It’s been a busy summer around here but there’s always time to talk books. I now have two active “Readers Groups” on Facebook. The first one I started several months ago: Young at Heart MG-YA Readers Group. This is the place to be if you enjoy coming-of-age stories traditionally marketed for readers 8-18. (My personal favorites tend to be the ones labeled 10-14 or simply 10+.) It’s a great group for those who love middle grade and young adult literature as well as teachers and parents looking for recommendations or those who like to reminisce about their favorite books from childhood.
The second group is new as of last week. I officially kicked it off July eighth to coincide with the six-months-until-release of Perilous Confessions, book one of The Possession Chronicles. (It will be here before we know it!) Possessed: Timeless Gothic Reads covers Gothic books from British classics like The Castle Otranto and Jane Eyre to the American standards like House of the Seven Gables and The Legend of Sleepy Hollow to the twentieth century offerings from author like Victoria Holt and Dorothy Eden as well as modern Gothics. Classic Gothics, Southern Gothic, Gothic Romance, Gothic family sagas, and more are open for discussion and recommendation. The group is still growing, but we’ve already had some great conversations so far about Southern Gothic literature from middle grade to adult books.

I invite you to join one or both if they fit your reading style. While you’re there, invite a friend too. There is room for all in these virtual discussions.

Kid Lit 101

As many of you know, my first passion in the book word is middle grade literature. Though a late reader, I began devouring novels like The Babysitters-Club Series as they were published and ghost stories by Betty Ren Wright in fourth grade, but by sixth grade I was ready for more. I fell in love with the power of words in my middle school library when I found Katherine Paterson and Richard Peck. Bridge to Terabithia was the first book to make me cry and Ghosts I Have Been the first to engage me with history through the guise of my fascination with the Titanic and Gothic-feels. From there I dove into the world of teen books, eagerly awaiting the newest from authors like Christopher Pike on my trips to the bookstore in the mall.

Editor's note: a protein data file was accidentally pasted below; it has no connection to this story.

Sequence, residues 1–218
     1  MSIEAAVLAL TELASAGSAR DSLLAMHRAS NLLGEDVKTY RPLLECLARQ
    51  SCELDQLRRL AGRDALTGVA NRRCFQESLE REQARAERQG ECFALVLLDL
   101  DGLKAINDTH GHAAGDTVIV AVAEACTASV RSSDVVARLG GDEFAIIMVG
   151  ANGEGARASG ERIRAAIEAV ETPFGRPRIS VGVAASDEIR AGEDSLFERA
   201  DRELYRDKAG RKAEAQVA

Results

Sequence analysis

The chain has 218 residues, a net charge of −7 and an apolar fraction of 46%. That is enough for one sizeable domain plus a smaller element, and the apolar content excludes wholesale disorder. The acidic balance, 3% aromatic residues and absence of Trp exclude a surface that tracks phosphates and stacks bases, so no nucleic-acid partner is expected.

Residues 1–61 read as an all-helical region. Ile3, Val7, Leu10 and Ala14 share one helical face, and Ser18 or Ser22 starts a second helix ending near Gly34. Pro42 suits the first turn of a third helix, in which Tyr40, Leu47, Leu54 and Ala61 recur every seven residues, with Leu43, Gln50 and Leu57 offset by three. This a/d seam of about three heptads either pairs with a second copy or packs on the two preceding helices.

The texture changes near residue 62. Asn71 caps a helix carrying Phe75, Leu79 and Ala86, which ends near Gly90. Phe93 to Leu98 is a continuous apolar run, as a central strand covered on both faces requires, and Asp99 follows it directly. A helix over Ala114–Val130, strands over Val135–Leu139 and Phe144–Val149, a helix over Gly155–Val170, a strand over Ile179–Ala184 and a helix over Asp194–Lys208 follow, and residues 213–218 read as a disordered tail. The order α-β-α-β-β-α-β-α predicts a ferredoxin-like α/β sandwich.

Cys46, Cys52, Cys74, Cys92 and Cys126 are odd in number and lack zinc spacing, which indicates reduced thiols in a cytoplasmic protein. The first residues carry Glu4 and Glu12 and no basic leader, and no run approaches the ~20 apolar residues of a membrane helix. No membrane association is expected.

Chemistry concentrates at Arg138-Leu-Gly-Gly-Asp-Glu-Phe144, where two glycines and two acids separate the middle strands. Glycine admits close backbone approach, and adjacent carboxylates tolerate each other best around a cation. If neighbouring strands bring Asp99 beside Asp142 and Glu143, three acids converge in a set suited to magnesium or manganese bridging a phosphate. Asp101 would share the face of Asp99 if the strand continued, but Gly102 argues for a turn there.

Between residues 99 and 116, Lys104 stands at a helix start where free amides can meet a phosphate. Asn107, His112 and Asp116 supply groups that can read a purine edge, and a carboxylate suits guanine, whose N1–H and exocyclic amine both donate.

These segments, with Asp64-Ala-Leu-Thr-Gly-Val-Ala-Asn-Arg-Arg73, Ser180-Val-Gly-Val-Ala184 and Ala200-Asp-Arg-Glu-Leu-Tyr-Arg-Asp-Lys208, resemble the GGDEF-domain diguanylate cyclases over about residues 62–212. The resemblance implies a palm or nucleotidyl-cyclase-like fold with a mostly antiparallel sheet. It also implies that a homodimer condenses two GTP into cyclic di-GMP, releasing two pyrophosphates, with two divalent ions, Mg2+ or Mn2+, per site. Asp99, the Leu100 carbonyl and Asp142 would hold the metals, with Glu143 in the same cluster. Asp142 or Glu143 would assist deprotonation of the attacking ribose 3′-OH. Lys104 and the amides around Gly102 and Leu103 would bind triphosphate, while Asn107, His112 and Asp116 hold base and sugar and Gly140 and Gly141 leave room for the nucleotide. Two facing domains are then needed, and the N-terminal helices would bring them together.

By the time I was fourteen, I was writing my own stories and following the marketplace. I continued to read and collected these authors and never gave them up, even as I aged out of the genres. When I was twenty and landed my dream job at a Books-A-Million, I let them know I wanted the kids’ section of the store. It took a few months, but when the position opened, I embraced the colorful area from baby books to young adult reads. It took several weeks, but I physically handled every book in that corner of the store as I organized and then shelved all the new shipments during the time I was employed there. Most often when someone was looking for a book in one of my categories I could say what shelf it was on without looking. I knew the books, the authors. It was my home away from home.

All this, plus more decades of reading and following the marketplace, and five years serving as Local Liaison for my region of Society of Children’s Book Writers and Illustrators, has helped shape my knowledge of the book world as it relates to children’s literature. I’ve wrapped my years of experience and passion into a tidy presentation titled “Kid Lit 101”, which I’ve been blessed to share at several events, including multiple writers groups and a literary festival over the past few years. This Saturday, June 23, 2018, I’ll present this fast-moving, informative presentation in Gulfport, Mississippi, to Gulf Coast Writers Association at 11am at Gulfport Galleria of Fine Art. Join me if you can.

What are you literary passions?